Troy James Sobotka
troy.sobotka at gmail.com
Fri Apr 13 17:17:56 BST 2007
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>> I wrote:
>> Colours are _culturally_ and _temporally_ rooted in meaning. Look to
>> the colours of traditional wedding wear in Japan or different parts of
>> tribal Africa for examples of cultural meaning. Look to the tonal
>> differences between the 60s and 80s pop culture art for temporal
> While I agree with you that the meaning of a color is culture
> dependent, but the question is how do you apply this principle in a
> cross-cultural context. After all, computer use cannot be reduced to a
> single cultural location but it is global.
You can't. Attempting to do so would be no more foolish than attempting
to invent your own language and hoping that it would work in every
locale. It is silly to attempt it, and not worth it.
It is not out of the ordinary to suggest that a design should choose an
audience and speak to it. Companies that make creative design decisions
don't worry about appealing to everyone. They choose a target and
> So Alvaro has a point
> here. During the years, I installed ubuntu for many computers, (mostly
> for teenagers, the children of my friends) and so far, in each case, I
> was requested to change Ubuntu's default color scheme. I still have
> to meet with the one who wants to keep it.
I couldn't more strongly disagree. Brown is a great base colour when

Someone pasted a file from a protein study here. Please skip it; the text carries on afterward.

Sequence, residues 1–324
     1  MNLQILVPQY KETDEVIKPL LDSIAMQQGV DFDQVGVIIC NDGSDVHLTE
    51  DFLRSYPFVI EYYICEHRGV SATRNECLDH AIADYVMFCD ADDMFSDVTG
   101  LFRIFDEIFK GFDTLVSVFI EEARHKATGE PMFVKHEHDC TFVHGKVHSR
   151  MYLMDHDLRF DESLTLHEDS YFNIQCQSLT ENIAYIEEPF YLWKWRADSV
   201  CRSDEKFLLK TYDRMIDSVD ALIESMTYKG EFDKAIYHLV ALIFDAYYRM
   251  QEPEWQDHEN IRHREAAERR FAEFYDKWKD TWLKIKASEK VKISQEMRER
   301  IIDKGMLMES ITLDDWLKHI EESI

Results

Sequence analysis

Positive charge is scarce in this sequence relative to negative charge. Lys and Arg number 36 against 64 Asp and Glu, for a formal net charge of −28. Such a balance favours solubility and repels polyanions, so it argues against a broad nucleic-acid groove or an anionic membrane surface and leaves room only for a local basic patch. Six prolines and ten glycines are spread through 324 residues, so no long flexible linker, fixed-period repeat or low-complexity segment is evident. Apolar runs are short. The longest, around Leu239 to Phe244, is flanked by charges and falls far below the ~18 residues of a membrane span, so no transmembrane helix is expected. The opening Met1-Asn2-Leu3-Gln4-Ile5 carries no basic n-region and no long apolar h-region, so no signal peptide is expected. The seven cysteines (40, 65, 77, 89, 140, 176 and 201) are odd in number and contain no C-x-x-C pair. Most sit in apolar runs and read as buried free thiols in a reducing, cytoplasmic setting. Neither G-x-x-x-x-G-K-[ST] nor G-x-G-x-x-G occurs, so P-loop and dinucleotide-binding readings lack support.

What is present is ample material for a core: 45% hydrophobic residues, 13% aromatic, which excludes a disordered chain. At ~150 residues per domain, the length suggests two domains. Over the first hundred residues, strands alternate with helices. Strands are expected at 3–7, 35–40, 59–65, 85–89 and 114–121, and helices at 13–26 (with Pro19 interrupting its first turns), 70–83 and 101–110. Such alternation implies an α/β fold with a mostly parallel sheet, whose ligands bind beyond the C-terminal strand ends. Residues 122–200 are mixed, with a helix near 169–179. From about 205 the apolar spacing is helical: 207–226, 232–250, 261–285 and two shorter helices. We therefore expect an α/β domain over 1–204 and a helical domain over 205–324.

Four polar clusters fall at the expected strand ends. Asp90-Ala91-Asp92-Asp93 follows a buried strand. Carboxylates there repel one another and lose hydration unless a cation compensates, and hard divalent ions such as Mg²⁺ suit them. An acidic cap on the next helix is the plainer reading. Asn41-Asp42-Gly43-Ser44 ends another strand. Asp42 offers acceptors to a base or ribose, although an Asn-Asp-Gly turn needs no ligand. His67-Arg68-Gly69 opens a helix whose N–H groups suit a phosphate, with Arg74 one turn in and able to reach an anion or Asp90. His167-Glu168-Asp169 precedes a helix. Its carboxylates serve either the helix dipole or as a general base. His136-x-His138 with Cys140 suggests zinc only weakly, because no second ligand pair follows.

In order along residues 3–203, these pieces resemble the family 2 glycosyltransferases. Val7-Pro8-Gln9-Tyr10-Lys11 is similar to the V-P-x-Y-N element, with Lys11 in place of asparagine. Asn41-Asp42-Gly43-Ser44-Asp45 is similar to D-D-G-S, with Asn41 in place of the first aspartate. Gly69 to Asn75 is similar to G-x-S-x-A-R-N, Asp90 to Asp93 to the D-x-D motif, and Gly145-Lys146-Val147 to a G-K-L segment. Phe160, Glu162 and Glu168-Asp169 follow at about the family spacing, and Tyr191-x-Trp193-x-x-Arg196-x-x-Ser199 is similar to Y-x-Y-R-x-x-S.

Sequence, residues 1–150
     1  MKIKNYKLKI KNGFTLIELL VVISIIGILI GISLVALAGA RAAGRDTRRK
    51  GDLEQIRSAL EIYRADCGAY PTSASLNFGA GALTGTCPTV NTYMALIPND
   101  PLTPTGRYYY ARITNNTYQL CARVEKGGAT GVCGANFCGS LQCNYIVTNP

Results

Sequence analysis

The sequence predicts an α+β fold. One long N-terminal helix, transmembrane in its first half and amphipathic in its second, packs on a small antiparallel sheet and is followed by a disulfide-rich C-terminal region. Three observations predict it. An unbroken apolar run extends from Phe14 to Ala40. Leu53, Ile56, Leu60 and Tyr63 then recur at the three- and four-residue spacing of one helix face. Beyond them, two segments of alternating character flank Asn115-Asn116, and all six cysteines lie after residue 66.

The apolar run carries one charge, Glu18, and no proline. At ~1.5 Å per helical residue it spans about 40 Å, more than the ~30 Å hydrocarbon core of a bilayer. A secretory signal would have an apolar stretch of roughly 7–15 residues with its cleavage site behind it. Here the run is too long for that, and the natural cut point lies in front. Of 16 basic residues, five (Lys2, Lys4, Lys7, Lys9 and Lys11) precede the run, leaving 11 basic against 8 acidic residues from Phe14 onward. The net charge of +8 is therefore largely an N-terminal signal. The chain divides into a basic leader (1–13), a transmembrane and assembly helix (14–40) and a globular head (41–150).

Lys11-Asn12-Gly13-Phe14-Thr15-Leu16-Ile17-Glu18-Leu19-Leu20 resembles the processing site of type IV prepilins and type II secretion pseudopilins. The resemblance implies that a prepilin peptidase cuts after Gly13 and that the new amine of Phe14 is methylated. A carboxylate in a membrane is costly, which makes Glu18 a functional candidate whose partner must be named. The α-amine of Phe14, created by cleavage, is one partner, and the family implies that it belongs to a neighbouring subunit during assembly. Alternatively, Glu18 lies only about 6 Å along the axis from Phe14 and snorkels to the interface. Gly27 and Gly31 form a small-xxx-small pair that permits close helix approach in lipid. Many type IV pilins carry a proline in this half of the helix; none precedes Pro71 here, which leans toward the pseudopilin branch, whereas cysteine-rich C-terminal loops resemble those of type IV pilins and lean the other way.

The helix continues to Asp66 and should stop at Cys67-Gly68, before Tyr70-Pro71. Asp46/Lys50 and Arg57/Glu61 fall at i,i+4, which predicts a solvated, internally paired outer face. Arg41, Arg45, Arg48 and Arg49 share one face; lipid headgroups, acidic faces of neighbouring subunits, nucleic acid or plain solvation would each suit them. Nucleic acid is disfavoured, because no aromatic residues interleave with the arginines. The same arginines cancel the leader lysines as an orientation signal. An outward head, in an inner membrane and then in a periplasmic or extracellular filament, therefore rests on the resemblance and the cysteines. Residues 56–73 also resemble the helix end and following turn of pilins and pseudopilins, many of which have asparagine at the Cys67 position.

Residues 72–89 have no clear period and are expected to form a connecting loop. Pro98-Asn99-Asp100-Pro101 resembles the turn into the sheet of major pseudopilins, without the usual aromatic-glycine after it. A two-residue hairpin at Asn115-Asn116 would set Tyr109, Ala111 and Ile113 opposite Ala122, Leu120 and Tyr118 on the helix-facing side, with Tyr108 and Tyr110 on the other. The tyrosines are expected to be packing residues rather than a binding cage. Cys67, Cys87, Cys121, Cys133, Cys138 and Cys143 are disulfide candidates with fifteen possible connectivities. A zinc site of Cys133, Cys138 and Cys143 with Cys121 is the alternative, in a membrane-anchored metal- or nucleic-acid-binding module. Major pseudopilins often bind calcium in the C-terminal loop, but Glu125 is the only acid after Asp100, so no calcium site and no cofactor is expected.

rounded out with a full design palette. Ubuntu currently suffers most
desperately on at least the following three points:
1) No specified audience to speak to.
2) No communication goals.
3) In relation to the topic, lacking a well designed palette to
communicate (2) to (1) effectively.
Earth tones can work wondefully towards communicating 'earthy' ideals
when implemented in the design structure. That said, when you fail to
apply those notions, or worse -- as Ubuntu does -- use 'brown' just for
'browns' sake, you end up in a mire of mediocre design.
Again, it is no huge leap of faith to suggest that brown _can_ work when
supported with thoughtful design. Colour alone will do __nothing__ to
change a user's opinion. Thoughtful design _will_.
Ultimately, poor design will yield complaints that are all over the map.
Generally, people will choose the most obvious thing -- in Ubuntu's
case it is brown.
It is less about the brown and more about the absolute vacuum concerning
design matters relating to audience and communication goals. Middle
grey 'appeal to everyone' mentality creates _zero_ 'must have' or 'need'
in _any_ individuals mind.
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